The investigation is now concluded.

The CBC identified the woman as Deanna Mary Conant:

She was 35 when she was shot by Wesley Elvin Poole, 34, on June 23, 1976. Poole took his own life the same day at a business in Upper Lawrencetown.


In an email on behalf of the provincial medical examiner, Justice Department spokesperson Sarah Gillis explained the woman was permanently disabled as a result of the gunshot.

“The medical examiner’s autopsy found that the death was due to a complication from the permanent disability and would still attribute the death to the initial gunshot, regardless of the timeline,” Gillis wrote.


No public meetings.

On campus

No public events.

In the harbour

The seas around Nova Scotia, 9am Friday. Map:

7am: Nolhanava, ro-ro cargo, arrives at Pier 36 from Saint-Pierre
10:15, Beryl, oil tanker, arrives at Imperial Oil from Houston
11:30: Bess, car carrier, moves from Pier 27 to Autoport
2pm: Alice Oldendorff, bulker, sails from National Gypsum for sea
4:30pm: Nolhanava, ro-ro cargo, sails from Pier 36 for Saint-Pierre
9pm: Dalian Express, container ship, arrives at Fairview Cove from Colombo, Sri Lanka


El Jones says she might have a column tomorrow morning. I’m taking a few days off, and will return with Morning File on Wednesday.

I hope everyone enjoys their holiday. Please remember the lonely.

Tim Bousquet is the editor and publisher of the Halifax Examiner. Twitter @Tim_Bousquet Mastodon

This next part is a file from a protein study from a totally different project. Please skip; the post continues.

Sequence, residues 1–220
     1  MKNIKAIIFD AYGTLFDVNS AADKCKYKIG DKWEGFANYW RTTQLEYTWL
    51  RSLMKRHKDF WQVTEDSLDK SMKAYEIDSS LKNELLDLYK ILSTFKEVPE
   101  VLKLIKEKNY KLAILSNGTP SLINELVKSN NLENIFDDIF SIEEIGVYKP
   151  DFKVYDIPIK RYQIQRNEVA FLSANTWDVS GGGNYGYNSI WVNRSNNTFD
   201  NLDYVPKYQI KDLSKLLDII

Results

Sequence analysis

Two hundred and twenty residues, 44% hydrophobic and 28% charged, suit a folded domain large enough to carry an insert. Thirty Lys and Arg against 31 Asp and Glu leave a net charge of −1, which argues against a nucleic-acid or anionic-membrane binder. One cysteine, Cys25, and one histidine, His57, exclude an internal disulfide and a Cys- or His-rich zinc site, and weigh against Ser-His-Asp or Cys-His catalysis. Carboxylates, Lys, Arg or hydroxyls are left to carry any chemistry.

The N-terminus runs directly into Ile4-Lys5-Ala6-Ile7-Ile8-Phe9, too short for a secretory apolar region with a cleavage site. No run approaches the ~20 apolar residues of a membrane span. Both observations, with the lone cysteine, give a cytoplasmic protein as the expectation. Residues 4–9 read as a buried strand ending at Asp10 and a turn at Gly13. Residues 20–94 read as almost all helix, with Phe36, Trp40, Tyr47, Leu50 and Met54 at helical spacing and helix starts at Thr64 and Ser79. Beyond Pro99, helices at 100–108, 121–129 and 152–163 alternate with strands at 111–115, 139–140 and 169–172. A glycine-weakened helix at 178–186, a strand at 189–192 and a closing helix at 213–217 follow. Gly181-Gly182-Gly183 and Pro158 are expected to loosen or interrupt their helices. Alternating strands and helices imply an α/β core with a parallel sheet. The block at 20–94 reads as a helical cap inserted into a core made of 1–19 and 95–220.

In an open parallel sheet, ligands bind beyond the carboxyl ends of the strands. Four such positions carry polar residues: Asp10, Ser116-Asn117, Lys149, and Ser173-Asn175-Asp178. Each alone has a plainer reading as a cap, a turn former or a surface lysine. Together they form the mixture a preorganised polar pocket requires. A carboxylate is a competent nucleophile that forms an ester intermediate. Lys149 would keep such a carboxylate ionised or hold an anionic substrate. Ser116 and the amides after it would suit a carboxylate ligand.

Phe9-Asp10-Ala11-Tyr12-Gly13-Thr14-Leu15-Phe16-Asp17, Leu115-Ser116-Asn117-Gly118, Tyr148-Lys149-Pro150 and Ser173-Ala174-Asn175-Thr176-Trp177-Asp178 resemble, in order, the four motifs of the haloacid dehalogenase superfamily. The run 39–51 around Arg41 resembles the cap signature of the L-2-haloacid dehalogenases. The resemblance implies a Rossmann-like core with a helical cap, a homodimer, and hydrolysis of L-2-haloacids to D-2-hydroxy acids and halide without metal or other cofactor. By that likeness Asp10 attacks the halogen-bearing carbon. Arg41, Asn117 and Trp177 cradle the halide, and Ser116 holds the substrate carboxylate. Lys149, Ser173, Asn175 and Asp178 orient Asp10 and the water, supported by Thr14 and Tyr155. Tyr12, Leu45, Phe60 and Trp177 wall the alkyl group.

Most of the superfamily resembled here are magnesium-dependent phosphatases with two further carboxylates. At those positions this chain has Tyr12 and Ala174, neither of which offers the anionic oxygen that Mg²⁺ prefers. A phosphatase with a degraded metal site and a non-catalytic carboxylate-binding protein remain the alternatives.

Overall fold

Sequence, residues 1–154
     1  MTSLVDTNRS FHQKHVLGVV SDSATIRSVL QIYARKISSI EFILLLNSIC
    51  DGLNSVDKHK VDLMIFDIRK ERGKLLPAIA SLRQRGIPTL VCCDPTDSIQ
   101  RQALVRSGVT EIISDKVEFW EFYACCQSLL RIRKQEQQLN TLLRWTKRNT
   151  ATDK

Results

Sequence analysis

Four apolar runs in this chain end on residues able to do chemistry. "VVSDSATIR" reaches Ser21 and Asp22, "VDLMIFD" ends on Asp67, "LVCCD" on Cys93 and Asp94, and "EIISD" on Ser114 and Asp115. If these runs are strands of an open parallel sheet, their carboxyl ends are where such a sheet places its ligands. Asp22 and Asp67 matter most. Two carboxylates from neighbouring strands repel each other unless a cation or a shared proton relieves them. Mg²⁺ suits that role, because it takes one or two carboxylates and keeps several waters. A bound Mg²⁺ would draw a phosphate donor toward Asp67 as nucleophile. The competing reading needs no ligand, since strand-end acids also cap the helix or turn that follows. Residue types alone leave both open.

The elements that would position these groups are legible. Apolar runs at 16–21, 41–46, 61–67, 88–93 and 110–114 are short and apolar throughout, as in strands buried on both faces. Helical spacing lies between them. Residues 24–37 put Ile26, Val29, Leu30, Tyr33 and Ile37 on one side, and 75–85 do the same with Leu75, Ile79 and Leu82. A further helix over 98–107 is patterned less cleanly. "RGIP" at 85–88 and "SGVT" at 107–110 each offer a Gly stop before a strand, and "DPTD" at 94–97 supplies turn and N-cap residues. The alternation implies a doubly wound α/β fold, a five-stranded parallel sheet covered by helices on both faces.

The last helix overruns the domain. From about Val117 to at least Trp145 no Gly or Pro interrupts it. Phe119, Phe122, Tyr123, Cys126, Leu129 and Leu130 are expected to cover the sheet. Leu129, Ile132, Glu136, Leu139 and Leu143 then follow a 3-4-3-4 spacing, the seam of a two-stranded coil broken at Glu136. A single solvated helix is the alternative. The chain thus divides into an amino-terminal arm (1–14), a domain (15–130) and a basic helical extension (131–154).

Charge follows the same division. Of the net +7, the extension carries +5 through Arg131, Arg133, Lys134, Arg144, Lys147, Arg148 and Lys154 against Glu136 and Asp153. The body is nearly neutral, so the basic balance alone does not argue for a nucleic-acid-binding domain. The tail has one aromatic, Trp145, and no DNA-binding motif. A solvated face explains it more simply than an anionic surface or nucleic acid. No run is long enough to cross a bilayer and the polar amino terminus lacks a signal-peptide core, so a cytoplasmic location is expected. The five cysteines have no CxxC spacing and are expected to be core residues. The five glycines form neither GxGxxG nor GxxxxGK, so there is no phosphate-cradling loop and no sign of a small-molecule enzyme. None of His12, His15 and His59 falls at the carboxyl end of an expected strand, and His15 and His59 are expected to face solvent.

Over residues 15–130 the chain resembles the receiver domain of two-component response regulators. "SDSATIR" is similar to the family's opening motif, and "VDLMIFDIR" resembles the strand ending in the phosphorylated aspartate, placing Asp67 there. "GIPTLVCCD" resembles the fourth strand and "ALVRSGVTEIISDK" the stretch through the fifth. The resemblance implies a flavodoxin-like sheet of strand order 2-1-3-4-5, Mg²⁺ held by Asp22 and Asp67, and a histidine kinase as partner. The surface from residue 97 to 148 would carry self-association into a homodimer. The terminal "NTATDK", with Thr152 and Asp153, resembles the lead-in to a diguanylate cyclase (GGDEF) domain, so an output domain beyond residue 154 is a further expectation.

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  1. Money may be the root of all evil.

    You cannot buy happiness.

    As long as you have friends you will never be poor.

    There are a bunch of other sayings along those lines; but it is nice to always have a few extra coins in one’s pocket.

    Merry Christmas everyone!

  2. I haven’t gotten a raise since 2014.

    Our government has, in general, policies which are designed to make skilled work cheaper and housing more expensive, thereby increasing the GDP. Amen. All three of the major parties, federally and provincially, support these policies to varying degrees.

    Enjoy the holidays, everyone, and be grateful for what you have.

  3. The wage drop results look pretty dismal. The continuing effects of the Government’s huge mistake of cancelling the film industry tax credit still are showing as evidenced by the negative 3.4% decline in the information and culture sector. We would have seen massive growth and positive spinoffs had the government not made this incredibly bad decision to kill an industry which had such promise for the future.

    1. Just had a friend who used to work in the NS film industry in feature visual effects drop in the see friends and family for Christmas.

      He is flourishing now in Toronto, heading a small studio producing superb work. Having been forced to leave NS, to find work in an industry in a city where he was professionally unknown, and finally having begun to establish himself there, he made it clear there is no way he would ever move back to NS. He will be contributing to the vote of Best VFX for next years Oscars.

      Such is the class of talent Stephen McNeil and this Liberal government have driven out of Nova Scotia.

  4. It’s a willful distortion to say Garnier’s defense was, “basically, ‘She asked for it.'” His defense was that the death occurred accidentally during consensual rough sex. To call this offensive is to place an ideological frame over events that should be judged on the facts as adduced in evidence. We can only hope and trust the jury did a better job of this than you.

  5. I was under the impression that Pink did ask to be adjourned until the new year, and the judge declined. I only heard that second hand, though!